Mobile broadband and apps for all?

POSTED BY Global Administrator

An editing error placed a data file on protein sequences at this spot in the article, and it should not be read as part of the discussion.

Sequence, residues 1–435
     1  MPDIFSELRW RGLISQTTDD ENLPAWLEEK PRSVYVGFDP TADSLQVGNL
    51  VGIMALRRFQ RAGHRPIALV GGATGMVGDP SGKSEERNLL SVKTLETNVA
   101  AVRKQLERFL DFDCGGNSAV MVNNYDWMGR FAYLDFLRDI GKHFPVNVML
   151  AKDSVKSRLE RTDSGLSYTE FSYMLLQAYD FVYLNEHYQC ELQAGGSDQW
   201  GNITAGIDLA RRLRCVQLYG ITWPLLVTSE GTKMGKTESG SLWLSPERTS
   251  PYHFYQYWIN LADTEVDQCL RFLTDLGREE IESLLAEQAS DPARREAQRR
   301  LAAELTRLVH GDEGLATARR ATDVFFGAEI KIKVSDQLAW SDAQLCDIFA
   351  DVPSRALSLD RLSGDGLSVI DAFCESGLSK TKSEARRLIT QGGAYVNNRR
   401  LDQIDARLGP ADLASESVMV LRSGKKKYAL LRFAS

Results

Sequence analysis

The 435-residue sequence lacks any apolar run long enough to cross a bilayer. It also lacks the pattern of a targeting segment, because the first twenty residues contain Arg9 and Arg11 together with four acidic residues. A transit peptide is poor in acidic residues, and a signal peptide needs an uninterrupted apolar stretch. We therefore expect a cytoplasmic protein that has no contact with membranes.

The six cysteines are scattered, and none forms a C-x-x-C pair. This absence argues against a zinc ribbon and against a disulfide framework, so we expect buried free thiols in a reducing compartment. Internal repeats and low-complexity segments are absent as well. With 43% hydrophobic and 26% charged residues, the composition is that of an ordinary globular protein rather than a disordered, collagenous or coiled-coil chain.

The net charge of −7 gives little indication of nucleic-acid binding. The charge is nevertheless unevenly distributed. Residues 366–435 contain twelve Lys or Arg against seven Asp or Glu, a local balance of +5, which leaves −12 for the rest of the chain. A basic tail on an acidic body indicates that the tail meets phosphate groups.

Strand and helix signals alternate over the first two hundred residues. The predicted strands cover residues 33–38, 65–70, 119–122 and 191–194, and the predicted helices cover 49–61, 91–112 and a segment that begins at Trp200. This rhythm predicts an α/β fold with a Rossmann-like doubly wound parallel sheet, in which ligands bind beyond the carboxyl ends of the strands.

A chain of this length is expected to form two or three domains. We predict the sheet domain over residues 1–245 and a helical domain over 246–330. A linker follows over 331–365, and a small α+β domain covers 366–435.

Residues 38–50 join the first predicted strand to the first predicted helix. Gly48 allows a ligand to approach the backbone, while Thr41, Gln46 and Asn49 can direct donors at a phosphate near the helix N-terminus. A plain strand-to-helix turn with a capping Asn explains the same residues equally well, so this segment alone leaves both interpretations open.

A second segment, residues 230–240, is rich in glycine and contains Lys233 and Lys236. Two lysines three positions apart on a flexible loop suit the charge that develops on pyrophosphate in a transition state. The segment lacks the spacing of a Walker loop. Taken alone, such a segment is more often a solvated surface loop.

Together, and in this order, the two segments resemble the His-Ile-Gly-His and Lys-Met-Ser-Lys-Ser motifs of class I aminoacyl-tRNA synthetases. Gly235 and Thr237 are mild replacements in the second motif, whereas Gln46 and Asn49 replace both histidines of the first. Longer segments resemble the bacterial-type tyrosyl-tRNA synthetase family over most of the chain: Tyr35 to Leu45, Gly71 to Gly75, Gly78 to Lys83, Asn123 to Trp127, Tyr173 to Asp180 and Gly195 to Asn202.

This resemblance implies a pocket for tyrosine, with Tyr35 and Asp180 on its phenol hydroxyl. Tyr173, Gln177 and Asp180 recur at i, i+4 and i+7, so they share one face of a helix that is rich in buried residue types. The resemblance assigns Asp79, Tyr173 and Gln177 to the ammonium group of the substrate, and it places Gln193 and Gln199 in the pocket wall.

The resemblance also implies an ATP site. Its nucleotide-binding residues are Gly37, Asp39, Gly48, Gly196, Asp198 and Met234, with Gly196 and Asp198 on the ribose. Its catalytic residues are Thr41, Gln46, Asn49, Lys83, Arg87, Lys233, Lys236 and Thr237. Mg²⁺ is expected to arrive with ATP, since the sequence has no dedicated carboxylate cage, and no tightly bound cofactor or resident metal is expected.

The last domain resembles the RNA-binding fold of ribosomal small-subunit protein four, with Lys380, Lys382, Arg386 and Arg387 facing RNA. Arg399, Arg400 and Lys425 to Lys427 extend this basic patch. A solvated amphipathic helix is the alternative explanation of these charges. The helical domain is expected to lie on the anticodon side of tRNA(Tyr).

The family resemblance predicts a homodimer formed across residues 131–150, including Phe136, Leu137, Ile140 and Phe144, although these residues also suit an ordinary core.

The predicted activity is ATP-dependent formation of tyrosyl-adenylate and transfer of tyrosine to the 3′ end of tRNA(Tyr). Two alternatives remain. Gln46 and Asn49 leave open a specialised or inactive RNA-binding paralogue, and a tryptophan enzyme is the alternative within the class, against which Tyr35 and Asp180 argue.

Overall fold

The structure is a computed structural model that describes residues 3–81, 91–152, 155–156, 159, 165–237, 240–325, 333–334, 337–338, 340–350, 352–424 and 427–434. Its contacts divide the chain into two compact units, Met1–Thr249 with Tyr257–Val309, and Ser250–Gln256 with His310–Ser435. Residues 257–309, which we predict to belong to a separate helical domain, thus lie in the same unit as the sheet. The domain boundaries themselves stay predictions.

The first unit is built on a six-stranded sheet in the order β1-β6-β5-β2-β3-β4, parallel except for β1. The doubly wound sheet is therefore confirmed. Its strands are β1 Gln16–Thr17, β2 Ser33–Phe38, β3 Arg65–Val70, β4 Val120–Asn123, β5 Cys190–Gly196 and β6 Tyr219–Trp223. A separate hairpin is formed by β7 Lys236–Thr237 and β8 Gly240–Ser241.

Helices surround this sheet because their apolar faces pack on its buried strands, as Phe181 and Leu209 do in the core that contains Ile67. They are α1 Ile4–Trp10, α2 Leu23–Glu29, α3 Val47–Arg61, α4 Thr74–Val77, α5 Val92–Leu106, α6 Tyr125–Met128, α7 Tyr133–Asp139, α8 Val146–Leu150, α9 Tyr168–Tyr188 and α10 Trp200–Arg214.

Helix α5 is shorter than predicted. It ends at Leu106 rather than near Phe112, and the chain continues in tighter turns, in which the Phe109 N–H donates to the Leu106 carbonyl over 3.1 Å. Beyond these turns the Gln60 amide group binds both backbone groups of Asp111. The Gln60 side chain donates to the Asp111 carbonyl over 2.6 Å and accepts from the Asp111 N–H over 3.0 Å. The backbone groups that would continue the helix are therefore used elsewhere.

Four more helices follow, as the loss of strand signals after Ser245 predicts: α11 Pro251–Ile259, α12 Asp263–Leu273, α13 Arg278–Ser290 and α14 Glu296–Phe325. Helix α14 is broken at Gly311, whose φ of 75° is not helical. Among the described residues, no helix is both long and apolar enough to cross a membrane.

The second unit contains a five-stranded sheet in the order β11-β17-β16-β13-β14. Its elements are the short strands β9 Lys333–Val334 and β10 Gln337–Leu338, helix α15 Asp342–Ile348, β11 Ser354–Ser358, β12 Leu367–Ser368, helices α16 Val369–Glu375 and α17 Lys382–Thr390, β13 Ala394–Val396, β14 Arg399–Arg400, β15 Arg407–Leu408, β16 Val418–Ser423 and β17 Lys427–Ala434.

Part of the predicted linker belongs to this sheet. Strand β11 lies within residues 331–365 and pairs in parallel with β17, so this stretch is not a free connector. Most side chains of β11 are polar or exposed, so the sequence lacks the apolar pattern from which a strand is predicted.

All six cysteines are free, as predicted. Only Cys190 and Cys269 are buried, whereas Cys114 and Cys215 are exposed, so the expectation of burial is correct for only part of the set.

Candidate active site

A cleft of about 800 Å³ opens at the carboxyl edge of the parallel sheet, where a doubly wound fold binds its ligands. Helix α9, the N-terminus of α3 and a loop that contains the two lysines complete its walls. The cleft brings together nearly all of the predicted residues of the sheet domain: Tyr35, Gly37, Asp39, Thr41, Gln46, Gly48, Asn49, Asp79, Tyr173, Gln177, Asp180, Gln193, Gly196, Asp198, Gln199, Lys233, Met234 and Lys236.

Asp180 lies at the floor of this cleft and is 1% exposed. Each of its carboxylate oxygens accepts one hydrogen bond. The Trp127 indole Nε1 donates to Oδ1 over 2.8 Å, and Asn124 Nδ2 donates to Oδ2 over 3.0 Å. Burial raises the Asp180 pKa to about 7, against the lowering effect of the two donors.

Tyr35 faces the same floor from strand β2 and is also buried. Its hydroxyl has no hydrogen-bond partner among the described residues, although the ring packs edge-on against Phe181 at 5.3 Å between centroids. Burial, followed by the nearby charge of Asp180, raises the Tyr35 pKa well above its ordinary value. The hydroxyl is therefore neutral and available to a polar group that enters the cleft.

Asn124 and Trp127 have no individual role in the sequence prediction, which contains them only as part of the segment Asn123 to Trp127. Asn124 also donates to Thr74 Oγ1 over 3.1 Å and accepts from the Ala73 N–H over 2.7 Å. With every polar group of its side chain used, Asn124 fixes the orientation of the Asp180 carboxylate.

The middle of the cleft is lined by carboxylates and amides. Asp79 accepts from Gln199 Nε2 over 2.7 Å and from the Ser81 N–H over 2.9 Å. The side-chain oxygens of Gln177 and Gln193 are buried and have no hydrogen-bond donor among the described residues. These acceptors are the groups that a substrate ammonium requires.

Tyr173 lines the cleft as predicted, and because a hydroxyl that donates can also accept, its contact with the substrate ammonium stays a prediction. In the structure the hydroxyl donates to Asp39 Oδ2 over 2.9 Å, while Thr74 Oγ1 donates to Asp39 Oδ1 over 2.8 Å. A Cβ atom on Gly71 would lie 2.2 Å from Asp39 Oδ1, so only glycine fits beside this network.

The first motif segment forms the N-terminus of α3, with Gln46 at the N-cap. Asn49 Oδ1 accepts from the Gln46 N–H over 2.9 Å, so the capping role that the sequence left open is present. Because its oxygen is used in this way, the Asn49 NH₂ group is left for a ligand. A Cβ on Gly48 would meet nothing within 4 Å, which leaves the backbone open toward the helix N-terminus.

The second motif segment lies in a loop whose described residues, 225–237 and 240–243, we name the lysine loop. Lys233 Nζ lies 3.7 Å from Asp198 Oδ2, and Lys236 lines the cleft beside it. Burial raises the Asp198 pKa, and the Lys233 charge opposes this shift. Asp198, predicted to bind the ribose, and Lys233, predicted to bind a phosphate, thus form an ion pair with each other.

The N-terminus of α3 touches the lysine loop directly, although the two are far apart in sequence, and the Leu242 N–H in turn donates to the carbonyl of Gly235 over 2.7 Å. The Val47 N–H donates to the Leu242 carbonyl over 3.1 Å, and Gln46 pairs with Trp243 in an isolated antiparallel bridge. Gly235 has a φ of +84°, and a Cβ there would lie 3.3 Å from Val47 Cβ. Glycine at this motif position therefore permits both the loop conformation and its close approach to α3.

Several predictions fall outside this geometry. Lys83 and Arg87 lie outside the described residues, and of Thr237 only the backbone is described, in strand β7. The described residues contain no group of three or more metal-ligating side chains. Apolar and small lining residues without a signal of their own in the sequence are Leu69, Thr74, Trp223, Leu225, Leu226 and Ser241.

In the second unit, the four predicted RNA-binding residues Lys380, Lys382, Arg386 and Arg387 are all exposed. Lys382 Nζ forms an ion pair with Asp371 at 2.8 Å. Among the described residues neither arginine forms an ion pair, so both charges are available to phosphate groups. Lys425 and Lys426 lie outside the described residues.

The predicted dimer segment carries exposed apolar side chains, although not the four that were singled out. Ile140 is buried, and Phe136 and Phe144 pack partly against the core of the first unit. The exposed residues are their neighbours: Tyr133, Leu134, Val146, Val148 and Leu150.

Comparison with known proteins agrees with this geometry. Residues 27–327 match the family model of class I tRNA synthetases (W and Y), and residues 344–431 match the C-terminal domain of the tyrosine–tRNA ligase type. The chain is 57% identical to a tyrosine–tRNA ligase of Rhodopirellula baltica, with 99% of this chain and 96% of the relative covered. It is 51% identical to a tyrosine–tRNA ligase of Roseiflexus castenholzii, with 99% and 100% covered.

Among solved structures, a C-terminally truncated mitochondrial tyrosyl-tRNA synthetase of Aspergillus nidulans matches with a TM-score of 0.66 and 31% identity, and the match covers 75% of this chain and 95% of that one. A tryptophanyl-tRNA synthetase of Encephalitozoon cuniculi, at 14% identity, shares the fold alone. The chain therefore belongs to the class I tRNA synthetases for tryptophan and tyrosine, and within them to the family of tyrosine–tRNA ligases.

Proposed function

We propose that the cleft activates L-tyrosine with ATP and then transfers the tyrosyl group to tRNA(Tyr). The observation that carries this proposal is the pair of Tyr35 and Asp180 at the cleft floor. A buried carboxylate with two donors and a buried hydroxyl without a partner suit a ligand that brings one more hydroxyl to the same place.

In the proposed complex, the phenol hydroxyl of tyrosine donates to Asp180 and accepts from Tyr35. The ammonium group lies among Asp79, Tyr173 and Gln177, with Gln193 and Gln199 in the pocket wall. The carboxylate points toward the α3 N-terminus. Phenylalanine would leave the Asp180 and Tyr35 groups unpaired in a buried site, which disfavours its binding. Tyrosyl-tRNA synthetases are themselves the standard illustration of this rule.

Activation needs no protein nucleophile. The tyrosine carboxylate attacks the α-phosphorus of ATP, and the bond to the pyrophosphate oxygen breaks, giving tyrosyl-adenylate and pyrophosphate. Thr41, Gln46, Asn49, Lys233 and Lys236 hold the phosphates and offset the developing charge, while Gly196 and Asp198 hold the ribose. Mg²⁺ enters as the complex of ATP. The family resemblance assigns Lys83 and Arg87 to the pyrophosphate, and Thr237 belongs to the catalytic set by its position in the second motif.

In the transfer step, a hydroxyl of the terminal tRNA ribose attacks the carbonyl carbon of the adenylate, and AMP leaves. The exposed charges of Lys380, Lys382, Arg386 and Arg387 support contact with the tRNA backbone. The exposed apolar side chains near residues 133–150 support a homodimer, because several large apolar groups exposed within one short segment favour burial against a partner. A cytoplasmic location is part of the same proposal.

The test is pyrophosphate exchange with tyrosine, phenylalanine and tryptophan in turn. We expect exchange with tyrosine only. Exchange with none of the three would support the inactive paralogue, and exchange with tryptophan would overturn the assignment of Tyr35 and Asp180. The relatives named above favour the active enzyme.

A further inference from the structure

As my colleague Dr. Windsor Holden has observed, apps were the order of the week at Mobile World Congress. I always find it’s very easy to get very excited about the potential usage of the latest mobile innovations – but hey – I’m in the industry so I should – right? The thousands of attendees in Barcelona are crucial to the achievement of mass market apps. They are delivering the enablers like broadband network infrastructure, new devices and many other aspects of extending and improving our experience as users. To achieve mass market app usage though we need both mobile broadband and smart phones to be available to the masses. This week we saw many important announcements, not least of which were a number of device vendors launching lower cost smart phones to penetrate the next level. From a broadband network perspective, I attended the Intel WiMAX Analyst Event on Monday evening: it was called “2010: WiMAX is Mass Market”. As I said, it’s very easy for us in the industry to get excited and maybe over hype developments and potential, and then find that the technology takes longer to achieve market traction. WiMAX is a case in point: it has undoubtedly had poor PR and seen slow market penetration. But the clear (get the pun?) message from Monday is that it is now in active deployment and successful in a number of operators. There are currently in excess of 500 fixed and mobile WiMAX trials and commercial deployments in 146 countries (to be precise). This is good news. Of course it’s not got the subscriber volume or coverage of HSPA, and LTE is a natural evolution for most mobile operators, but it is successfully operating in the Americas, Europe and Asia - for example in situations where the DSL infrastructure is sub optimal or non-existent. Here's my short video blog on this event. To my amusement, next morning I opened the Show Daily to find an article about HSPA, LTE & embedded devices entitled “Mobile Broadband Goes Mass Market”! Ultimately though it will not be the mobile industry – or the current small percentage of users that have smart phones - that decide which products and apps for mobile tickets for example achieve mass market. It will be “average user”: 99% of the population in other words.